Power

The power end contains the crankshaft, connecting rods, crossheads, pony rod, bearings, and frame (see Figures 14 and 15). Basic designs are horizontal and vertical with sleeve or antifriction bearings. Some have integral drive gears.

Frame The frame absorbs the plunger load and torque. Vertical pumps with outboard packed stuffing boxes (refer to Figure 2) have the frame in compression (refer to Figure 14). With horizontal single-acting pumps, the frame is in tension (refer to Figure 15). Frames are usually close-grain cast iron with relatively thick cross-sections. This combination provides superior dampening for the normal low-frequency cyclic loading. Some intermittent duty pumps, specifically designed for mobile services, are constructed of lighter weight, fabricated steel plate.

The frame is usually vented to the atmosphere. However, when the atmosphere is detrimental to the working parts of the frame, such as an ammonia attack on bronze bearings, the frame can be purged continuously with nitrogen gas.

Crankshaft The crankshaft (see Figures 16, 17, and 18) varies in construction, depending on the design and power output of the pump. In horizontal pumps, the crankshafts are usually of nodular iron or cast steel. Vertical pumps use forged steel or machined billet crankshafts. Because the crankshafts have a low mass and operate at relatively low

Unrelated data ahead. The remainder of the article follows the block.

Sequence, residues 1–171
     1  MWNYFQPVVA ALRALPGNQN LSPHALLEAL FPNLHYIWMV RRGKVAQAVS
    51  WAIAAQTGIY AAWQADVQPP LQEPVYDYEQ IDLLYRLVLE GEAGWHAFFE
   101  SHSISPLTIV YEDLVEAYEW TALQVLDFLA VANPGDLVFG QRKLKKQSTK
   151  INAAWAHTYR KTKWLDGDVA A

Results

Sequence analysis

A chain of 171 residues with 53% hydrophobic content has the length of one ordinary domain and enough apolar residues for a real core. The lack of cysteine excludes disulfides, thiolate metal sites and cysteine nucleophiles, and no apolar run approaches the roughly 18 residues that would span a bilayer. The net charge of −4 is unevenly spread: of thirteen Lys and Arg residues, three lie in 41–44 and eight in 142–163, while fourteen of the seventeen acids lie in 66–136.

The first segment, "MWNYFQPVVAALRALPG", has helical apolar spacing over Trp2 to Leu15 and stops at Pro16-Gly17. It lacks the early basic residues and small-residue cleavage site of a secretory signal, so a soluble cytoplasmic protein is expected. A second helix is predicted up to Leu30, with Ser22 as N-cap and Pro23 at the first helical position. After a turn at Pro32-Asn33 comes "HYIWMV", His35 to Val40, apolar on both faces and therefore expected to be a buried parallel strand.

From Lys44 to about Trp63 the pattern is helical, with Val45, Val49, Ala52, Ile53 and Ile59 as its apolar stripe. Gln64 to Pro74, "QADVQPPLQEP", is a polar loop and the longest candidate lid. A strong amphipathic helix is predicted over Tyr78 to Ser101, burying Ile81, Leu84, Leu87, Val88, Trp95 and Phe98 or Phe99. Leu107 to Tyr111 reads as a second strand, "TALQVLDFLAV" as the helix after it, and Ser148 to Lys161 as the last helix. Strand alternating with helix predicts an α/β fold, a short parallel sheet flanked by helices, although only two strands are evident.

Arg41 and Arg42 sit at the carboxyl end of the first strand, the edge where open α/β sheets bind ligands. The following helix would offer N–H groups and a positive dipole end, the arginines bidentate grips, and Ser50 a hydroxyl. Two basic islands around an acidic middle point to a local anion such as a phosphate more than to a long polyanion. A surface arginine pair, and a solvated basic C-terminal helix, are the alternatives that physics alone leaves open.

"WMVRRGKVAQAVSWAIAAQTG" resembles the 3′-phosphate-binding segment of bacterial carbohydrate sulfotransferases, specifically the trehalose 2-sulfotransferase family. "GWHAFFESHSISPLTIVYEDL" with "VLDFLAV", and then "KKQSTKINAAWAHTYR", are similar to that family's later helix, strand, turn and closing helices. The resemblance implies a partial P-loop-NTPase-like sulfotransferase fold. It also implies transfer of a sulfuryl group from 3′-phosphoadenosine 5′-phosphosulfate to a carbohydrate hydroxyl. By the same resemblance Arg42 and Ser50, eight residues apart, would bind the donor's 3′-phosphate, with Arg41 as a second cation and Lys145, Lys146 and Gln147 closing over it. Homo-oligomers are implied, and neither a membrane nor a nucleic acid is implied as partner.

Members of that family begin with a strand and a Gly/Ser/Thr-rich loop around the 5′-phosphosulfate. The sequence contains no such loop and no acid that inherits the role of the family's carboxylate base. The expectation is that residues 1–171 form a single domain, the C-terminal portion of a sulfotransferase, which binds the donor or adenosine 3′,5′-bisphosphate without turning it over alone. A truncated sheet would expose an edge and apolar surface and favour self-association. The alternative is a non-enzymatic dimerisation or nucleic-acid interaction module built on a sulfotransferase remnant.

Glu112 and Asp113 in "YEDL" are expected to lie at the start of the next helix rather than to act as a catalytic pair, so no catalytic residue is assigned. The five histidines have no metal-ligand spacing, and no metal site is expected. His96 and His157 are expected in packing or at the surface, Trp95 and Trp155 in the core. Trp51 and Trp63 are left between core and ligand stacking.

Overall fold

FIGURE 12 Separate suction with an integral FIGURE 13 A plunger cover (FWI)

discharge manifold (Gardner-Denver)

FIGURE 12 Separate suction with an integral FIGURE 13 A plunger cover (FWI)

discharge manifold (Gardner-Denver)

speeds, counterweights and flywheels are not used. Except for duplex pumps, the crankshaft always has an odd number of throws to obtain the best flow pulsation characteristics. The firing order in a revolution depends on the number of throws on the crankshaft (see Table 3).

The crankshaft main and rod-bearing surfaces are ground to a 16 rms surface finish or better. Large radii are used where journal diameters intersect with the adjacent cheeks to

FIGURE 15 A horizontal pump power end (Flowserve Corporation)
FIGURE 16 A cast crankshaft (Flowserve Corporation)

FIGURE 17 A crankshaft machined from a billet (Flowserve Corporation)

FIGURE 17 A crankshaft machined from a billet (Flowserve Corporation)

FIGURE 18 A cast crankshaft with integral gear (Continental-EMSCO)

3.2 POWER PUMP DESIGN AND CONSTRUCTION TABLE 3 Order of Pressure Build-up or Firing Order

No. of Pressure build-up order

Throw from plungers pulley end or pistons 123456789

Throw from plungers pulley end or pistons 123456789

Duplex

Renewable Energy 101

Renewable Energy 101

Renewable energy is energy that is generated from sunlight, rain, tides, geothermal heat and wind. These sources are naturally and constantly replenished, which is why they are deemed as renewable. The usage of renewable energy sources is very important when considering the sustainability of the existing energy usage of the world. While there is currently an abundance of non-renewable energy sources, such as nuclear fuels, these energy sources are depleting. In addition to being a non-renewable supply, the non-renewable energy sources release emissions into the air, which has an adverse effect on the environment.

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